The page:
On September 28th, hundreds of technology leaders gathered in New York City’s Financial District for our first conference, Flow State. There they experienced eight sessions from tech leaders at Salesforce, Udemy, Indeed, Esty, and Capgemini. We covered the future of work and the changing landscapes of the developer experience, recruiting, collaboration, and workplace learning. The crowd on site was joined by almost 5,000 virtual attendees who registered from 83 countries around the globe.
Our CEO, Prashanth Chandrasekar, kicked things off with a discussion on the state of work and the factors that are key to a developer’s learning journey and success on the job. Drawing on data from our most recent developer survey, he laid out a positive vision for a future of hybrid work and online learning.
Next up was our CTO, Jody Bailey, chatting with Chris Kohr, a VP of Engineering at Salesforce. Nearly 70% of developers say they encounter a knowledge silo at least once a week, and 62% spend more than 30 minutes a day searching for answers or solutions to problems. For a team of 50 developers, the amount of time spent searching for critical information adds up to between 333-651 hours of time lost per week across the entire team.
The pair discussed strategies for helping developers avoid knowledge silos and context switching and explored some of the keys to getting into a flow state that maximizes both productivity and happiness.
The final morning session was a fireside chat between our Chief Marketing Officer, Khalid El Khatib, and the journalist and author, Clive Thompson, whose book, Coders: The Making of a New Tribe and Remaking of the World, is a rich ethnographic study of the programmers who help craft our modern society. The pair had the audience in rapt attention with plenty of laughs as they explored what it takes to be a self-taught developer in today’s tech industry.
In the afternoon, Seth Hodgson, VP of Engineering at Udemy, talked about how to approach skills acquisition as a daily habit. As the demands of the workplace change and organizations shift to keep pace and continue to innovate, their workforce requires constant reskilling. In fact, 87% of leaders say they expect to face major skills gaps over the next five years. He discusses an approach that enables real-time, hands-on practice and peer-driven knowledge sharing, which has enabled Udemy’s 54M learners and 12.5K enterprise partners to always be at their best.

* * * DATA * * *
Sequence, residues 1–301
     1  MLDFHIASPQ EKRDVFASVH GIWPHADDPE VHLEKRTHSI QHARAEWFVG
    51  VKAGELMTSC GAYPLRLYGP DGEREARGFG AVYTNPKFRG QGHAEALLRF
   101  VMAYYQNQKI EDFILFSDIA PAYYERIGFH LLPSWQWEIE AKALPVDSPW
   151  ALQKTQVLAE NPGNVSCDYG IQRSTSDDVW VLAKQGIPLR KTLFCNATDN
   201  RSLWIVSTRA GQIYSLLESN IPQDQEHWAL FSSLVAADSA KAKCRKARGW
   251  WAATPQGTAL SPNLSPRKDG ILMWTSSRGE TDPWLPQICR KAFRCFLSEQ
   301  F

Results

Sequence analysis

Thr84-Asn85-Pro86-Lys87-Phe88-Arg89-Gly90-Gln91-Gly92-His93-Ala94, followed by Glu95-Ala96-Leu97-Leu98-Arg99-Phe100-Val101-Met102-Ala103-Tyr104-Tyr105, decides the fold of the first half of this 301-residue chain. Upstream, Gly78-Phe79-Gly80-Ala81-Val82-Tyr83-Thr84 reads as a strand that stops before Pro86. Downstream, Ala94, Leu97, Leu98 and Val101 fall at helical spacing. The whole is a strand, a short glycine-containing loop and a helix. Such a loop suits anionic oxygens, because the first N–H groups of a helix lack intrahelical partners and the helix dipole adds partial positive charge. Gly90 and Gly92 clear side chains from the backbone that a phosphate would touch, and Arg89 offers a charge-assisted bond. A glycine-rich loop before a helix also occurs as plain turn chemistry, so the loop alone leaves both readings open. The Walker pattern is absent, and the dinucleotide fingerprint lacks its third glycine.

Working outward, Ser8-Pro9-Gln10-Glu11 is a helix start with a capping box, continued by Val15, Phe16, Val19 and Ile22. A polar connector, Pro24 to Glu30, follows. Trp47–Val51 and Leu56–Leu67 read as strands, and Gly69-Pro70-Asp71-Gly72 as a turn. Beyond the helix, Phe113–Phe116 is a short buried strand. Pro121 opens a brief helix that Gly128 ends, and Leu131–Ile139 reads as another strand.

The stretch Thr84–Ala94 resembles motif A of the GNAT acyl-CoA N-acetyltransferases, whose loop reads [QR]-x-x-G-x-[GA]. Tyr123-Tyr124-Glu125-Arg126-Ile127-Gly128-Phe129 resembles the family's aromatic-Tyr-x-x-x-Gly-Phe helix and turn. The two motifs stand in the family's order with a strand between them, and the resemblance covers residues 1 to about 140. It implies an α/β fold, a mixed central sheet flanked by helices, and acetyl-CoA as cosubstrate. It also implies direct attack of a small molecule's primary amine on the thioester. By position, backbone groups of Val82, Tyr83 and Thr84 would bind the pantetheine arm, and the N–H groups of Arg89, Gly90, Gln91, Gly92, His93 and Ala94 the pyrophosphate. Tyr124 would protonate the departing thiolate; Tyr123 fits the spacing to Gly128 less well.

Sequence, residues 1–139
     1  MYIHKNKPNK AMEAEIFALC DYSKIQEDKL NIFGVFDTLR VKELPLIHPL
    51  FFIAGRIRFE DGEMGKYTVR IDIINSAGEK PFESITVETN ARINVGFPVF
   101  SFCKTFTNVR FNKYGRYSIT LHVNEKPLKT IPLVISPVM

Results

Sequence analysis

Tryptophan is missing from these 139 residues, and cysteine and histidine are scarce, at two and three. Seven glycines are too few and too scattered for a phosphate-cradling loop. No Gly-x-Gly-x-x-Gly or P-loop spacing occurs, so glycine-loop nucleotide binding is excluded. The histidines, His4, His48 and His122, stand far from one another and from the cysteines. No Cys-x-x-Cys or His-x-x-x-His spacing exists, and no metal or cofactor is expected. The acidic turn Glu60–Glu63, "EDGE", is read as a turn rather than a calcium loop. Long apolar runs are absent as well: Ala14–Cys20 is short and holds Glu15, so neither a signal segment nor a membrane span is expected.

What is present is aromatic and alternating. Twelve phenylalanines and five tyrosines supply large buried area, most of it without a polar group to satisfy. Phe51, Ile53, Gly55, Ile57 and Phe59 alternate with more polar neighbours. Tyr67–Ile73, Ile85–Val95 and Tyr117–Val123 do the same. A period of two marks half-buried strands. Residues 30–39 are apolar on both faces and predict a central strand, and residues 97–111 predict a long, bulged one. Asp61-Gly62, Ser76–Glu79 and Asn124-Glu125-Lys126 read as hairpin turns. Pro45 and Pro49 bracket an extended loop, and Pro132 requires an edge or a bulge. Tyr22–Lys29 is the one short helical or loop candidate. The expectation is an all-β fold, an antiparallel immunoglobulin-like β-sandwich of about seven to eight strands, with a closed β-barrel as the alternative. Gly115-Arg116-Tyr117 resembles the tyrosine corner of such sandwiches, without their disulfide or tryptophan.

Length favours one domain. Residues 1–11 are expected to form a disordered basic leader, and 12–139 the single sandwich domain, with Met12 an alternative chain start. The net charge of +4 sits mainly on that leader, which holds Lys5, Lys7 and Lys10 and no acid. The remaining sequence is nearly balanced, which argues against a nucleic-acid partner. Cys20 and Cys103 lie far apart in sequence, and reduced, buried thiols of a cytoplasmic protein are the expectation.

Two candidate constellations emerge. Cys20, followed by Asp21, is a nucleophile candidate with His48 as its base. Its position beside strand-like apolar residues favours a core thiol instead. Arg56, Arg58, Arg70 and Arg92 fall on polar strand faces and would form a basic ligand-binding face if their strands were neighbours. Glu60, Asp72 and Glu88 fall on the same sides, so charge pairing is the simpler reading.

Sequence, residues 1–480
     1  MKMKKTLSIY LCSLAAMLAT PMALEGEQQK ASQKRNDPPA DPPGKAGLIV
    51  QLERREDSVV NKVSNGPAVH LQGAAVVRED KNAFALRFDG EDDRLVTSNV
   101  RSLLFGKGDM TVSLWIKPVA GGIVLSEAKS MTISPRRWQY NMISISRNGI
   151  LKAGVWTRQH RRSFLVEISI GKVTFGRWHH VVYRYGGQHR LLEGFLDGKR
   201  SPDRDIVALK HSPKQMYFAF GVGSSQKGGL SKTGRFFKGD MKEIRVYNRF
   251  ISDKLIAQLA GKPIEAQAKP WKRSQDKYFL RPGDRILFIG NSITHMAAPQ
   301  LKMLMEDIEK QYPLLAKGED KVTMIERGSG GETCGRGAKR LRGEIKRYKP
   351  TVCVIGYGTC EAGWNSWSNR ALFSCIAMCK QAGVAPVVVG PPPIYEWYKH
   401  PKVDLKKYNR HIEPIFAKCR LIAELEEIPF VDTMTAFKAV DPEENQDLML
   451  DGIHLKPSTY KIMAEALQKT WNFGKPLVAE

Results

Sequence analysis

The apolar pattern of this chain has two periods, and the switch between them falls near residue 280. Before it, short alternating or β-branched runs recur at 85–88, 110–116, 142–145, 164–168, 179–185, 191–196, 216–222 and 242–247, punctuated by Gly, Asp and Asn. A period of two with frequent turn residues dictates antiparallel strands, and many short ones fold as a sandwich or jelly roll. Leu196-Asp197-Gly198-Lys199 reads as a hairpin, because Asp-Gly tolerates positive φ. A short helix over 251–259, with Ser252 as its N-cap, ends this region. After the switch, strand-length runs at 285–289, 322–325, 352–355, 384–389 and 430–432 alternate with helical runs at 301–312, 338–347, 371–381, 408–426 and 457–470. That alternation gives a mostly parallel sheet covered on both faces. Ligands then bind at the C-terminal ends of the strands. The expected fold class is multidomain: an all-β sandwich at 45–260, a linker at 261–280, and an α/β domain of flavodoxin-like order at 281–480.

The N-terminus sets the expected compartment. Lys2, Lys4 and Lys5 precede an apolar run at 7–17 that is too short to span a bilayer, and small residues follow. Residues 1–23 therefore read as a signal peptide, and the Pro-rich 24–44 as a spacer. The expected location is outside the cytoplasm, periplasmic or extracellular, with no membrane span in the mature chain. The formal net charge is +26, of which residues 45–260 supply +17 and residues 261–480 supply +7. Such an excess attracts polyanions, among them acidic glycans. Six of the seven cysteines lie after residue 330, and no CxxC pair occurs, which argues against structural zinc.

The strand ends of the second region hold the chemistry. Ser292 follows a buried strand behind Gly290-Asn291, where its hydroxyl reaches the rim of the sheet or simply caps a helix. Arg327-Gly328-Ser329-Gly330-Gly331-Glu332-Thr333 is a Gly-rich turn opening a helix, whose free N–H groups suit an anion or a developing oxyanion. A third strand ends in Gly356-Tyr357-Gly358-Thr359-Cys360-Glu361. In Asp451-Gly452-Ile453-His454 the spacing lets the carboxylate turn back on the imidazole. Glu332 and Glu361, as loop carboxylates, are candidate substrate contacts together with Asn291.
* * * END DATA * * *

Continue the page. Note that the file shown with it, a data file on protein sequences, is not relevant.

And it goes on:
Next up, Stack Overflow CTO Jody Bailey held a fireside chat with Alex Bulat-van den Wildenberg, Group Technology Director and CTO at Capgemini, discussed how scaling subject matter experts and uncovering domain expertise can ultimately drive team and product growth.
After a short break, Stack Overflow Chief Product Officer Teresa Dietrich shared how Stack Overflow builds for the technologist’s holistic learning journey and what updates to expect across all of our products: Stack Overflow for Teams, Collectives™, Employer Branding, and Advertising.
Following Teresa, Stack Overflow Chief Marketing Officer Khalid El Khatib spoke with Maggie Hulce, Executive VP, GM of Enterprise at Indeed, and Sally Bolig, Global Head of Employer Branding at Etsy about the ultra-competitive talent market today and the Great Resignation still reshaping our workplaces. How do you attract talent, retain team members, and scale your expertise across your growing team? They discussed how this talent war stands independent from economic trends, the importance of understanding developer workflows in today’s talent climate, and how tools, onboarding, learning, and collaboration will all impact the talent market indefinitely.
Finally, Human-Computer Interaction researcher Dr. Gloria Mark delivered the closing keynote speech. While we’re unable to embed her talk, look for her new book Attention Span: Finding Focus and Fighting Distraction out in January 2023.
What comes next?
This was our inaugural customer conference, and we had the privilege of getting to interact with employees who lead their internal communities on Stack Overflow for Teams. We were also thrilled that many members of our Stack Overflow community attended. We met folks who had started Stack Exchanges and other who had been asking and answering questions on our platform for over a decade. Given the success of this conference, you can look forward to future Flow State events next year.